How can I be sure that these ‘healthy’ foods that are NEW to my specific genetic makeup are really good for my body? For generations my ancestors ate fats that came from animals, not tropical plants.  And, again these tropical fats are food items that have to be transported here from thousands of miles away, using all those fossil fuels isn’t good for the planet, duh.

Of course all of our heritages aren’t the same and some of you do, in fact, have a long familiar history of eating tropical foods. I just wanted to share my common-sense approach to naturally eating and hope to get you to think a little deeper about the foods that you eat.

Oh – I do have one final point, Who can argue? An egg fried in butter/ghee or bacon dripping is so much yummier than when cooked in coconut oil any day! 🙂

Where did your ancestors come from and what were their sources of fats? Are you following in their footsteps? What fats do you eat?

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  1. But I’m not sure how you can say that eating animals is good for the planet? Meat production globally is the same if not worse than transportation when it comes to fossil fuels and even local and organic still use massive amounts of land, water and vegetable “feed” that requires even more land and water. I’m not disputing that saturated fats in moderation might not be unhealthy but whole foods plant based diets are proven healthy and seem to cover the health of the planet much better. Not to mention the ethical issues of slaughtering sentient creatures. “Organic” calves are still separated from their mothers shortly after birth which is absolutely awful for the mother not to mention the male calves that are very soon after killed : ( it just seems unethical on so many levels to eat animal products that coconut oil from international sources seems like a very small issue. Please reconsider – xo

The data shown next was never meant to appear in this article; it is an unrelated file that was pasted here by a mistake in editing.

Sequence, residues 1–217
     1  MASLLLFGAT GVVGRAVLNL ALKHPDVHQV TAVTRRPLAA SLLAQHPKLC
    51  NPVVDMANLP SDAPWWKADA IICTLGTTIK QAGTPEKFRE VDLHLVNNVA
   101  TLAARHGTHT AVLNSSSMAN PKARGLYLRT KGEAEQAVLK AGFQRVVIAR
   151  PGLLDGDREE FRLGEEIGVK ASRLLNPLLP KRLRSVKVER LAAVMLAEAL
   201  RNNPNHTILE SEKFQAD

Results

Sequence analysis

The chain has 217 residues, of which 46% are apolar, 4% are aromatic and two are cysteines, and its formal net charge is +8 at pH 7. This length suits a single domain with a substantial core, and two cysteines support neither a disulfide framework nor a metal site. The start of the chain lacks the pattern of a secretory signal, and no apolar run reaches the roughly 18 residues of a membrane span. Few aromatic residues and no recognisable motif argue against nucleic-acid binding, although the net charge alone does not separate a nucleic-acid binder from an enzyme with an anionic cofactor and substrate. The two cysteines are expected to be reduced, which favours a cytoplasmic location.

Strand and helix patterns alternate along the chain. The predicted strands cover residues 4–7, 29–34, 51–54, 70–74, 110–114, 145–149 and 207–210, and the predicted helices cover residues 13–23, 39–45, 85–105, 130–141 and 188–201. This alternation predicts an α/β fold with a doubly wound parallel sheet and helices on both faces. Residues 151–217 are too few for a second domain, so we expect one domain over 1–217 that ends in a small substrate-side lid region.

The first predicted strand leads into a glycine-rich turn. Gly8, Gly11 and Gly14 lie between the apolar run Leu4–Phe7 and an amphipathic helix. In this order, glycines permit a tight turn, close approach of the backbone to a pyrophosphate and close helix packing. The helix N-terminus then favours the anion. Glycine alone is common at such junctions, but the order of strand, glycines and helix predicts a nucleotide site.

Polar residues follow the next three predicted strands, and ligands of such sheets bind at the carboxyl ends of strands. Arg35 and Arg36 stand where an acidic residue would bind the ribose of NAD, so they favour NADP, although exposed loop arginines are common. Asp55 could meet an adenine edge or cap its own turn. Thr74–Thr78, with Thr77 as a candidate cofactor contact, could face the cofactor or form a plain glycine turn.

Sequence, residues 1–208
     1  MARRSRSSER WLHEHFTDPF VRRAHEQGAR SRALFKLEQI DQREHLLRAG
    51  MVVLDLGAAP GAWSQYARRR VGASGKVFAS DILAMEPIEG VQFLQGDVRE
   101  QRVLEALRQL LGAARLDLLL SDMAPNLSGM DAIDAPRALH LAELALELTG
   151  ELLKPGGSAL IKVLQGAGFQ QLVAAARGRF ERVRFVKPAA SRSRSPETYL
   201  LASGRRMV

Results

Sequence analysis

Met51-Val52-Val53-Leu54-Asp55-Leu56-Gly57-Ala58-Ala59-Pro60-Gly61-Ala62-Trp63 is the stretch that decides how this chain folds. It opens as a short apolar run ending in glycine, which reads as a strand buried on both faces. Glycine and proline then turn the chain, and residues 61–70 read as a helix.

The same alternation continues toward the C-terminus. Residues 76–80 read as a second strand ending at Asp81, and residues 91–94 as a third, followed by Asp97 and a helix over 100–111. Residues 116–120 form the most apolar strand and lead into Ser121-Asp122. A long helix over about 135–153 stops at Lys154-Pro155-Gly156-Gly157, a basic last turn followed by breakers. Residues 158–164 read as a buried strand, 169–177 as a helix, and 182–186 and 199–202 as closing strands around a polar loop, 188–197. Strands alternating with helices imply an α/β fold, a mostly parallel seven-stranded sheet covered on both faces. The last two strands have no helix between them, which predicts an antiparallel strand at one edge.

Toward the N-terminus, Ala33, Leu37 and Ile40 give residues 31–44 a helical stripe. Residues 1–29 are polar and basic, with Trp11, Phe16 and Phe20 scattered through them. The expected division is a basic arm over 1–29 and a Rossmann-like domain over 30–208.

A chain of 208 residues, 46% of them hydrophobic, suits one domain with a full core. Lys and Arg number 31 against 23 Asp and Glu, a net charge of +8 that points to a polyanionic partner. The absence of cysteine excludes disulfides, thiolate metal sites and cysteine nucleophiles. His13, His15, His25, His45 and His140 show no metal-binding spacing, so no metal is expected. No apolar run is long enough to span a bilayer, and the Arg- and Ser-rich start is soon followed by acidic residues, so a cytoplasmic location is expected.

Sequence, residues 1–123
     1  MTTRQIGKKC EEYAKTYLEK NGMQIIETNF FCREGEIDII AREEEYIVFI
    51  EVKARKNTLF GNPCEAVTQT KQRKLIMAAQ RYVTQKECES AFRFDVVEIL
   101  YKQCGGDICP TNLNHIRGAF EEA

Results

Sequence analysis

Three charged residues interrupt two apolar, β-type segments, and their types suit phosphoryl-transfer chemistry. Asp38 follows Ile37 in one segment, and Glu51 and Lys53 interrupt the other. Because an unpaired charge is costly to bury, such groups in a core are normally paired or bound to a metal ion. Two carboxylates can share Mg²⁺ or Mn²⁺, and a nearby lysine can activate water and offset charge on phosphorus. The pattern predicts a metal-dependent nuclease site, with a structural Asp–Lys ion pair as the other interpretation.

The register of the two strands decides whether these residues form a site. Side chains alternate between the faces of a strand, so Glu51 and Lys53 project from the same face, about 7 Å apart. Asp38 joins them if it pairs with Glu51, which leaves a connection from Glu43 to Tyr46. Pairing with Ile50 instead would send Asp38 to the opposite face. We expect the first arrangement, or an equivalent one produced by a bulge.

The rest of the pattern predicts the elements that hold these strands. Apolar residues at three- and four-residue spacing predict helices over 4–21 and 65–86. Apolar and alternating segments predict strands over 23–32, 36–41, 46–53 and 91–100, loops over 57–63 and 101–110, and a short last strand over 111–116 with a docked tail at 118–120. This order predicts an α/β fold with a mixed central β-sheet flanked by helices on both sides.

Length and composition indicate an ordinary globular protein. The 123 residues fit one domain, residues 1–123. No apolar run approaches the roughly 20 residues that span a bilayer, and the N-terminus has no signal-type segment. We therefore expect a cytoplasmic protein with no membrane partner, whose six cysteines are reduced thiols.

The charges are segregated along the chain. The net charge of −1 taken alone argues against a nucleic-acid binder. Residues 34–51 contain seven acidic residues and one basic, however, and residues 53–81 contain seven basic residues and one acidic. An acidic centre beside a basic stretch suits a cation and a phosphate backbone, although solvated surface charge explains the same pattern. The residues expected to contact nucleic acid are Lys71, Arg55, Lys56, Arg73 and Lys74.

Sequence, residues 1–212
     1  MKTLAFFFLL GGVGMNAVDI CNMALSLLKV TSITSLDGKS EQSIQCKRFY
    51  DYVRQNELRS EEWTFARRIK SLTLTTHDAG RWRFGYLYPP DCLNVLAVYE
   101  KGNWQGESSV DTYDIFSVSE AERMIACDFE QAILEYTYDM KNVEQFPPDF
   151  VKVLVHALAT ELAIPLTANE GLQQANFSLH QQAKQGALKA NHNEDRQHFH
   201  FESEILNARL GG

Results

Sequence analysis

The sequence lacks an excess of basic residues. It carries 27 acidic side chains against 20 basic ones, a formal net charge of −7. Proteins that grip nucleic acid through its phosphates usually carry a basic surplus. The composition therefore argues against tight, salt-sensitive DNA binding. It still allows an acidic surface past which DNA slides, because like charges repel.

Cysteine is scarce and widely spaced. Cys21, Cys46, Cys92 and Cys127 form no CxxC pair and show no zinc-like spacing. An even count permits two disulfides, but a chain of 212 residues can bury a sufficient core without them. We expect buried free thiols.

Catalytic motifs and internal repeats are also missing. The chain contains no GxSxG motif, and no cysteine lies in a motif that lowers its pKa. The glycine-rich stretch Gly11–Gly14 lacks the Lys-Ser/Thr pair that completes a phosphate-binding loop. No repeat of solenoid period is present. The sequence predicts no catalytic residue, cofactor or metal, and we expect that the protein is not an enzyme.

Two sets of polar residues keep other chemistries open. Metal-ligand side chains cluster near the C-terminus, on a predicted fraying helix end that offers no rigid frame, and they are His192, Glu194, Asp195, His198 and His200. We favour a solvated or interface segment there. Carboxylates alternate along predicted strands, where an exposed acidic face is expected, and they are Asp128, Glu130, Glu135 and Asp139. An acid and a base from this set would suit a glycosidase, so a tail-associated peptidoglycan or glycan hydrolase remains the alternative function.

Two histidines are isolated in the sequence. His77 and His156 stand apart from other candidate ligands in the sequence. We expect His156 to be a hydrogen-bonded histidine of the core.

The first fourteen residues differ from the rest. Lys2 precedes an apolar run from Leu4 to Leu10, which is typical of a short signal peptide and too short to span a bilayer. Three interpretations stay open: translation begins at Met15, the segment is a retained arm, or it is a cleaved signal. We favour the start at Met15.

1. Leah – Thank you for reaching out. Too often people coming to my blog from a vegetarian/vegan WOE fail to realize that we are much closer in thinking that against each other.

      I passionately love and respect animals, humans and our environment. What you are claiming about my omnivore lifestyle is very vastly incorrect and completely uneducated.

      I guess you aren’t a regular reader of my blog, nor have you looked at the growing movement for naturally raised animals that are GOOD for the environment. Ie beef raised exclusively on organic pasture, rotated on fresh pasture then followed by pasture raised chickens to spread their manure and eat bugs that are turned into eggs, and woodland raised hogs who never see indoors and helps to spread manure and compost. I’d recommend starting by reading the work of Joel Salatin – he’s simply amazing and changing the entire food landscape. Even reading a few books written by Michael Pollan could help you understand better and see a different perspective.

      Organic is so 1990s. I demand better of my food as should you. It’s simply a marketing slogan our corrupt government profits from uses as a form of control. Organic isn’t ideal and isn’t close to enough.

      We buy local. We know our farmers. Where do you buy your food?